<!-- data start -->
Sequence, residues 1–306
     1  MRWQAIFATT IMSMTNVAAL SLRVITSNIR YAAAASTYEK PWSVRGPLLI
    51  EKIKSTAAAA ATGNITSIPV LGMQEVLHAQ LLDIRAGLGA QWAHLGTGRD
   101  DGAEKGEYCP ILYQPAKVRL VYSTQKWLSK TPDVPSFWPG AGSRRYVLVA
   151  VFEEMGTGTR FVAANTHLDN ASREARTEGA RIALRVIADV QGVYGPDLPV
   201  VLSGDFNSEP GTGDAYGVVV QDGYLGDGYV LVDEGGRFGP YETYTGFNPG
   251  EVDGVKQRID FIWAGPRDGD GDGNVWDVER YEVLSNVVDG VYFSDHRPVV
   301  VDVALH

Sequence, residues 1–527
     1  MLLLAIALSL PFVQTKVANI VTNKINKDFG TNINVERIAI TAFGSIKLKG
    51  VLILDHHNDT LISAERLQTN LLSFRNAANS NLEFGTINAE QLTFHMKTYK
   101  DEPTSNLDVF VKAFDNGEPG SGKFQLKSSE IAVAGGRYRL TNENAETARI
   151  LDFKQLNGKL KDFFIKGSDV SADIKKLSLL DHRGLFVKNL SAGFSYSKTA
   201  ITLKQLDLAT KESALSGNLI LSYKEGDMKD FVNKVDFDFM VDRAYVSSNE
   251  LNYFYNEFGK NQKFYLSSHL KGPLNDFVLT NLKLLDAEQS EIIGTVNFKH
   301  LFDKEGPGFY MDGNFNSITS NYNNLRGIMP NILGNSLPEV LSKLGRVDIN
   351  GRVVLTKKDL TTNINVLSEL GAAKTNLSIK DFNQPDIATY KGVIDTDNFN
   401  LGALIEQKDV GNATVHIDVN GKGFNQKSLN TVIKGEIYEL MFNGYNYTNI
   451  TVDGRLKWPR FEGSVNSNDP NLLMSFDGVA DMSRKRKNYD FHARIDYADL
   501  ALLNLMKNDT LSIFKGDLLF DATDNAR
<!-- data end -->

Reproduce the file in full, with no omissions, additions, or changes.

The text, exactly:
Sequence, residues 1–306
     1  MRWQAIFATT IMSMTNVAAL SLRVITSNIR YAAAASTYEK PWSVRGPLLI
    51  EKIKSTAAAA ATGNITSIPV LGMQEVLHAQ LLDIRAGLGA QWAHLGTGRD
   101  DGAEKGEYCP ILYQPAKVRL VYSTQKWLSK TPDVPSFWPG AGSRRYVLVA
   151  VFEEMGTGTR FVAANTHLDN ASREARTEGA RIALRVIADV QGVYGPDLPV
   201  VLSGDFNSEP GTGDAYGVVV QDGYLGDGYV LVDEGGRFGP YETYTGFNPG
   251  EVDGVKQRID FIWAGPRDGD GDGNVWDVER YEVLSNVVDG VYFSDHRPVV
   301  VDVALH

Sequence, residues 1–527
     1  MLLLAIALSL PFVQTKVANI VTNKINKDFG TNINVERIAI TAFGSIKLKG
    51  VLILDHHNDT LISAERLQTN LLSFRNAANS NLEFGTINAE QLTFHMKTYK
   101  DEPTSNLDVF VKAFDNGEPG SGKFQLKSSE IAVAGGRYRL TNENAETARI
   151  LDFKQLNGKL KDFFIKGSDV SADIKKLSLL DHRGLFVKNL SAGFSYSKTA
   201  ITLKQLDLAT KESALSGNLI LSYKEGDMKD FVNKVDFDFM VDRAYVSSNE
   251  LNYFYNEFGK NQKFYLSSHL KGPLNDFVLT NLKLLDAEQS EIIGTVNFKH
   301  LFDKEGPGFY MDGNFNSITS NYNNLRGIMP NILGNSLPEV LSKLGRVDIN
   351  GRVVLTKKDL TTNINVLSEL GAAKTNLSIK DFNQPDIATY KGVIDTDNFN
   401  LGALIEQKDV GNATVHIDVN GKGFNQKSLN TVIKGEIYEL MFNGYNYTNI
   451  TVDGRLKWPR FEGSVNSNDP NLLMSFDGVA DMSRKRKNYD FHARIDYADL
   501  ALLNLMKNDT LSIFKGDLLF DATDNAR